Employees willing to give up flexibility for higher pay

However, remote workers are OK with pay cut to continue working from home

Employees willing to give up flexibility for higher pay

Despite reports of strong resistance against office return policies, a new poll has found that many employees are willing to work in the office if that means a pay hike. A poll by The Washington Post and Ipsos of 1,148 workers revealed that 80% would accept a job that pays higher and they report to work physically.

On the other hand, more fully remote workers in the survey (55%) said they would rather take a job that's remote but pays less.

The findings come despite pay (89%) remaining a top factor that employees consider important when assessing a good job, according to the survey. Other factors in the list include:

  • A good boss or manager (89%)
  • Health insurance benefits (77%)
  • Retirement benefits (75%)
  • Amount of vacation (73%)
  • Friendliness of co-workers (70%)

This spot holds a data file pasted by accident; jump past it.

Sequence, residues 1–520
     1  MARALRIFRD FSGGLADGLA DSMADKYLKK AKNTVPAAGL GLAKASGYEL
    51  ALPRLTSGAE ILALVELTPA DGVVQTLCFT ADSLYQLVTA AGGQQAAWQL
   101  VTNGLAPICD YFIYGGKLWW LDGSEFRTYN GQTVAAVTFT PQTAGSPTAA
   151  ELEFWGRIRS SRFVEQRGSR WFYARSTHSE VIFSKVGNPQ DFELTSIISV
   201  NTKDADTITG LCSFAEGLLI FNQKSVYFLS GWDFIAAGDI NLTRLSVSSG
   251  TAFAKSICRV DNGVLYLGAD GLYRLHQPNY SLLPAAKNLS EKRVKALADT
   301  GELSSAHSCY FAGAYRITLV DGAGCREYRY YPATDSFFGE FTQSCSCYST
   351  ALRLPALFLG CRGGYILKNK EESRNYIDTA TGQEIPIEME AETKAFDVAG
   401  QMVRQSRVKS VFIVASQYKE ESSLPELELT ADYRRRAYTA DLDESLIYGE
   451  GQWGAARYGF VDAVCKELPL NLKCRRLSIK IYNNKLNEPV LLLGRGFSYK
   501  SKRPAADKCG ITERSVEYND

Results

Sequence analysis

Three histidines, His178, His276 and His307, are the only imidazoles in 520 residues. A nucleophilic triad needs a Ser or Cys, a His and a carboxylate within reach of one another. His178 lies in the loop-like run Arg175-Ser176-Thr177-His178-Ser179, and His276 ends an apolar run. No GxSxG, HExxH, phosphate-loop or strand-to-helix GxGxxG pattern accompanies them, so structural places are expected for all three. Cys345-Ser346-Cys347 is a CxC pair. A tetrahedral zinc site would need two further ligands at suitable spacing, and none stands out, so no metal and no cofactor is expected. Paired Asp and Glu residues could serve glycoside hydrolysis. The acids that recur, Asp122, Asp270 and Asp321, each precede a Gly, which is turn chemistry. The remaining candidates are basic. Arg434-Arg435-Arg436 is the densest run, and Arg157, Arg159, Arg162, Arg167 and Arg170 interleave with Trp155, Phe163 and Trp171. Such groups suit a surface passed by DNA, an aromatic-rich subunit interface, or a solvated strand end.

Only 37% of employees said the ability to work from home or remotely was important, according to the report.

What makes remote work enticing?

The findings reflect how remote workers are unwilling to let go of the flexibility perks that they enjoyed during the pandemic.

The Post-Ipsos poll revealed that for those who want to work from home most or all the time, these are the reasons:

  • Don't have to commute to work (51%)
  • Easier to care for children (14%)
  • Able to focus better (13%)
  • Don't enjoy workplace environment (7%)
  • Don't need to dress up for work (4%)
  • Don't want to get sick (4%)

In Amazon, there have been reports that corporate employees are planning a walkout to protest the company's RTO mandate. This comes as return-to-office policies "lack a compelling narrative," according to Bill Zeng, Senior Director, APAC, Poly.

"People need a reason to return, so organisations must carefully assess the office experience they aim to deliver, and how this equates to the remote working experience - an equality of experience, whether in-office or remote, is key to a successful hybrid working model," Zeng said.

The resistance has been frustrating employers, with a CEO from Sydney even calling them "selfish." Elon Musk also recently slammed remote work as "morally wrong," stating that it was more than just a productivity issue.

Employers have long been told that returning to the office should be "commute-worthy."

"Companies are offering more perks and increasing compensation to entice workers back to the office. But they need to make coming to the office more purposeful and 'commute-worthy,'" said Jeanne Meister, Executive VP, Executive Networks.

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